A REPORT and the Editorial in the Echo on July 1 refer to the continuing demise of the Crowtree Leisure Centre.

As stated, Crowtree was not brought to its current position because of the current budget cut. Crowtree has suffered a death by 1000 cuts at the hands of this inept Labour council.

The centre has been gradually starved of essential revenue over the years.

First the ice rink closed, then the family swimming pool and the gym. If the council is not careful the people may get the idea this demise was planned and not just incompetent handling by the Labour Cabinet.

After all, was not Crowtree Leisure Centre touted as an expansion site for the Bridges several years ago?

Terence Docherty, Zetland Square, Monkwearmouth, Sunderland

Year as Mayor

MAY I thank members for electing me as Mayor of the City of Sunderland in May 2010 and my chaplains Fr Dennis O’ Mahoney for the Civic Mass and Cannon Stephen Taylor for the Remembrance Day Service and for all their help.

The events staff put on an extremely successful Mayor’s Ball at Crowtree Leisure Centre last November. We were met with a huge Eiffel Tower, Moulin Rouge, Can Can dancers, singing and dancing waiters, and a crowd of guests who raised thousands of pounds for the Mayor’s charities that night.

Anthony Watson Chartered Architects sponsored my Mayor’s Golf Day at Washington Golf Club, which was successfully put on by Paul Elliott, Stuart Porterhouse and Les Scott despite flooding in the Newcastle area the night before and was won by Paul Park.

Sunderland Catholic Club was the venue of a very successful charity night. For this night I included the appeal for the DLI Memorial at the National Arboretum with my two main charities. My thanks to the artists Sara Fenwick, Vince Harris, Liam Mellings and the Dennis Rogers and Malcolm Campbell from the committee.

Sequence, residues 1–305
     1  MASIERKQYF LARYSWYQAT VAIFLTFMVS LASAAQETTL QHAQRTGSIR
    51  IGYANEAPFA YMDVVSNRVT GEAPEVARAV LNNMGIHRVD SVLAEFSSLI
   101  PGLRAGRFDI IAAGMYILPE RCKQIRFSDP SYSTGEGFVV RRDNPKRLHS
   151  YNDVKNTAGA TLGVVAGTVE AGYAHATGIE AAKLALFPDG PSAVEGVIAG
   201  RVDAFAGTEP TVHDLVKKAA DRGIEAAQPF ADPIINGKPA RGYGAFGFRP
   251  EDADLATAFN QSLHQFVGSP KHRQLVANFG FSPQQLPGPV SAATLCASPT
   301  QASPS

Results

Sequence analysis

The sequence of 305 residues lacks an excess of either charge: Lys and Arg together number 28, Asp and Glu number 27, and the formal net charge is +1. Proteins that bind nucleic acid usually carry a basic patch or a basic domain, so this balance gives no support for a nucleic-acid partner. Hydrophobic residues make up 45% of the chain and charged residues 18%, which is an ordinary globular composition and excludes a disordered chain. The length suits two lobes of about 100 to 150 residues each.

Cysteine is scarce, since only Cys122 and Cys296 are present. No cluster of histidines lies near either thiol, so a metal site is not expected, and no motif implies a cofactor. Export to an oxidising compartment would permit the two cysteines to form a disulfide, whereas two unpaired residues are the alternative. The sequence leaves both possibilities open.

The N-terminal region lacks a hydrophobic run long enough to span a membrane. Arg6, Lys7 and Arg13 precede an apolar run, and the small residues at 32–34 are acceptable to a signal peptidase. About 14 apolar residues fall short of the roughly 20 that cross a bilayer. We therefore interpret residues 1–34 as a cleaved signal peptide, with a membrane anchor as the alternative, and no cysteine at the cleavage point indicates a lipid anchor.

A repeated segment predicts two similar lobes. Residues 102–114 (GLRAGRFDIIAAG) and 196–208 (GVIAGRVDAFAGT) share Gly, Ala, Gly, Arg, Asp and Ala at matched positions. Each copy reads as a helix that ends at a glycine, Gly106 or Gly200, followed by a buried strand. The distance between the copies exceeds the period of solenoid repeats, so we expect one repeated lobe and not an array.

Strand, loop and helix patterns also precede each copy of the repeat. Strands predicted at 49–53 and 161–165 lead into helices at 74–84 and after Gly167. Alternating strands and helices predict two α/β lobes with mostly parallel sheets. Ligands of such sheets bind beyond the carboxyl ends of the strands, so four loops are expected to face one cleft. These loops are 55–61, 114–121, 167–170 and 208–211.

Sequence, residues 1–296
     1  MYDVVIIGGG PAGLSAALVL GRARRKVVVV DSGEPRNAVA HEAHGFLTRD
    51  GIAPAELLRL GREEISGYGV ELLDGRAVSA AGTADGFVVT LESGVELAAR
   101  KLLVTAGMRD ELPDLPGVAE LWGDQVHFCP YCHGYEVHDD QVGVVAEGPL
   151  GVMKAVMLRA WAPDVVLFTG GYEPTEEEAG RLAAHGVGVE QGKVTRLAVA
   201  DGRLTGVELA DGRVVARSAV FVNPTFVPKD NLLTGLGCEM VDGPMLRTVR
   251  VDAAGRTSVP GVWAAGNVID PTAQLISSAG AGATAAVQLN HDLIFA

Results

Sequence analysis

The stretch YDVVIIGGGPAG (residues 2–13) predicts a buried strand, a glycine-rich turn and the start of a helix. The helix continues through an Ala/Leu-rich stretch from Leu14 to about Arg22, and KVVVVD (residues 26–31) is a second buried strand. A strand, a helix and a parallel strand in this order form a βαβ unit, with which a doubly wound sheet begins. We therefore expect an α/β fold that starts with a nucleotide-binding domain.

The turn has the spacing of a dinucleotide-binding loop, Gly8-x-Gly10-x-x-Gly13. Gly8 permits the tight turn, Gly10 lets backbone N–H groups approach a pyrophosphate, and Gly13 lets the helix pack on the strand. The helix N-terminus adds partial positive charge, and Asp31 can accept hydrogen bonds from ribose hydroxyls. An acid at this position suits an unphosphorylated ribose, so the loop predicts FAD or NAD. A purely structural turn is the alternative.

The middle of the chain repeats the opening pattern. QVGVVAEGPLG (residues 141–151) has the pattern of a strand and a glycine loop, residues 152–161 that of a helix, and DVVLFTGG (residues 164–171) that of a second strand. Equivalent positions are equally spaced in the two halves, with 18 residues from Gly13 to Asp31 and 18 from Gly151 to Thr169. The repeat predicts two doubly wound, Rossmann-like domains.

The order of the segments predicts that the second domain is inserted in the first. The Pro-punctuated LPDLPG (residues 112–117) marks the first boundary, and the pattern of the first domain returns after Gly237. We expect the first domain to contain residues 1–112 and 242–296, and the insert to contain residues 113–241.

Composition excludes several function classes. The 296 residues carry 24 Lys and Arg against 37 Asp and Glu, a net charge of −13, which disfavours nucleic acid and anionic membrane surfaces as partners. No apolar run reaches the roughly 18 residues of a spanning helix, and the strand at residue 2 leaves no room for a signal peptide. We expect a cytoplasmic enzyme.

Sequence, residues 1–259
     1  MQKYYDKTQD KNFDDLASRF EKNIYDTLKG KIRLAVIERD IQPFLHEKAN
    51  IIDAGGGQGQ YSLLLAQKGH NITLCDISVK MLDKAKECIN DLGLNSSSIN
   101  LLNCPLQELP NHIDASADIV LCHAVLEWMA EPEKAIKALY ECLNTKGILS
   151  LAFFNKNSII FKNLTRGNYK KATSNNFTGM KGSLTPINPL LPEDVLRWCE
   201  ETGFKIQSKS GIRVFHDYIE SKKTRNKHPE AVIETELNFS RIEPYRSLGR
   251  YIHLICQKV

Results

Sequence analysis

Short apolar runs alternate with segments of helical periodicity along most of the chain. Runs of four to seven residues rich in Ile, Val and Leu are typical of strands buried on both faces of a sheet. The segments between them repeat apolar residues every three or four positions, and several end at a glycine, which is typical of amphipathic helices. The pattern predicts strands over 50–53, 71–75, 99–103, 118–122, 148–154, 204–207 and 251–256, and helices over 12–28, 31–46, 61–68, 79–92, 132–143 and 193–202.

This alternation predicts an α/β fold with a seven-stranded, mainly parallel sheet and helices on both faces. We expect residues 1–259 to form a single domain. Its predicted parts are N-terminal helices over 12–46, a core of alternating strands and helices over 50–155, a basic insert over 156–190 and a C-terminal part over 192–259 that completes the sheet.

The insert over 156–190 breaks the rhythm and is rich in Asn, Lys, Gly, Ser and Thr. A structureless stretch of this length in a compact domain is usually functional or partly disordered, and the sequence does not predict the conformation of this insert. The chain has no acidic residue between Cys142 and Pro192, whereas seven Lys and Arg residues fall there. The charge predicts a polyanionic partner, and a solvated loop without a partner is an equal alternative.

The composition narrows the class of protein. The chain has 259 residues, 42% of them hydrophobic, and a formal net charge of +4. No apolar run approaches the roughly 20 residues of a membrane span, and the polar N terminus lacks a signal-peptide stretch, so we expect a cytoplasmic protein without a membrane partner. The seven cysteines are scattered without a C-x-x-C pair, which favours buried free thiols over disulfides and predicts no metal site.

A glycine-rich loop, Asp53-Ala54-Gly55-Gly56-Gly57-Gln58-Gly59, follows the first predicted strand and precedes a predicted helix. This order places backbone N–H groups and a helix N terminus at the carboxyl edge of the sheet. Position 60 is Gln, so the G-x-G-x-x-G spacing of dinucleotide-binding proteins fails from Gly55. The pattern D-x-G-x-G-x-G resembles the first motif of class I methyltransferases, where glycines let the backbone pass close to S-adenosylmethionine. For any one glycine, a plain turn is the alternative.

With other small events and donations I was able to hand over £9,040 to each of my main charities, Age UK Sunderland and the Sunderland Orphanage and Educational Fund, and at Durham Cathedral £600 to the Rifles for the DLI memorial at the National Arboretum.

I wish to thank everyone who helped – the Mayor’s Secretary, Catherine Davis, the secretaries, staff and drivers at the civic centre and my friends and fellow members who contributed and helped and especially my wife Maureen, the Mayoress.

After my time as Mayor, meeting a wide range of people, charities and attending a many events, I now wish to thank all who voted for me in the local election and look forward to being a councillor for Hendon Ward and representing and helping as far as I can all the people of that ward.

Coun Tom Martin, Mayor, City of Sunderland, 2010

Memorial plaque

I AM writing about the war memorial plaque which was taken from Grangetown. Two of the names on it were my grandad Edward Carter and his brother Septimus.

My grandad had nine children, one of which was my dad, Jimmy Carter, who, sadly, is no longer with us. He told me about Edward and how you could not imagine those days of the First World War. My grandad was wounded from a shell in the trenches and got killed in the Second World War, leaving a wife and nine children behind.

Edward’s wife, my nana, like everybody in those days had to carry on without the support of her husband and had to raise her children alone. Recently my partner Carole and I went to the cemetery to find my grandad’s grave and I was shocked to find that he never had a proper headstone. It was simply a rock with his name on.

I understand money was tight in those days, but it was hard to see that the grandad that I never knew didn’t have the headstone that a war hero deserves, which is why the war memorial plaque is a fitting tribute to him and many others.

The lads who were selfish enough to sell it for £124 need to think about people back than and now who have risked their lives for their country and whether they themselves would be mature enough and have the guts. Not likely.

Colin Carter, Broadmayne Avenue, High Barnes, Sunderland